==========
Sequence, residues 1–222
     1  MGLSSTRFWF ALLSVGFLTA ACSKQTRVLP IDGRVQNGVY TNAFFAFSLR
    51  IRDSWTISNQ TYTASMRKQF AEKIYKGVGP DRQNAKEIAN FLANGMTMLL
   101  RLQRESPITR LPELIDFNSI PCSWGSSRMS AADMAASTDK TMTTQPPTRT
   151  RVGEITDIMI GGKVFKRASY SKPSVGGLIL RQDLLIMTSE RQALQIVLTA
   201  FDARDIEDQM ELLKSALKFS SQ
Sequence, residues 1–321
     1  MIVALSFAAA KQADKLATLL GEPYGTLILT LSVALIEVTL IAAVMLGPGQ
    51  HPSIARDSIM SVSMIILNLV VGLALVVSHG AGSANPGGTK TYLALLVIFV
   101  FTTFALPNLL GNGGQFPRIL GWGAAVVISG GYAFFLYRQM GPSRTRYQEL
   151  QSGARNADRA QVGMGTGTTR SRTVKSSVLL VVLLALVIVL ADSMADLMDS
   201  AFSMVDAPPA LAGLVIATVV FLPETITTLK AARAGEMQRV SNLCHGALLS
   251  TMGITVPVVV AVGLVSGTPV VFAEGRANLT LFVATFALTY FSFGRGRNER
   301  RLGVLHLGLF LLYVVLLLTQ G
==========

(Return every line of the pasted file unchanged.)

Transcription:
Sequence, residues 1–222
     1  MGLSSTRFWF ALLSVGFLTA ACSKQTRVLP IDGRVQNGVY TNAFFAFSLR
    51  IRDSWTISNQ TYTASMRKQF AEKIYKGVGP DRQNAKEIAN FLANGMTMLL
   101  RLQRESPITR LPELIDFNSI PCSWGSSRMS AADMAASTDK TMTTQPPTRT
   151  RVGEITDIMI GGKVFKRASY SKPSVGGLIL RQDLLIMTSE RQALQIVLTA
   201  FDARDIEDQM ELLKSALKFS SQ
Sequence, residues 1–321
     1  MIVALSFAAA KQADKLATLL GEPYGTLILT LSVALIEVTL IAAVMLGPGQ
    51  HPSIARDSIM SVSMIILNLV VGLALVVSHG AGSANPGGTK TYLALLVIFV
   101  FTTFALPNLL GNGGQFPRIL GWGAAVVISG GYAFFLYRQM GPSRTRYQEL
   151  QSGARNADRA QVGMGTGTTR SRTVKSSVLL VVLLALVIVL ADSMADLMDS
   201  AFSMVDAPPA LAGLVIATVV FLPETITTLK AARAGEMQRV SNLCHGALLS
   251  TMGITVPVVV AVGLVSGTPV VFAEGRANLT LFVATFALTY FSFGRGRNER
   301  RLGVLHLGLF LLYVVLLLTQ G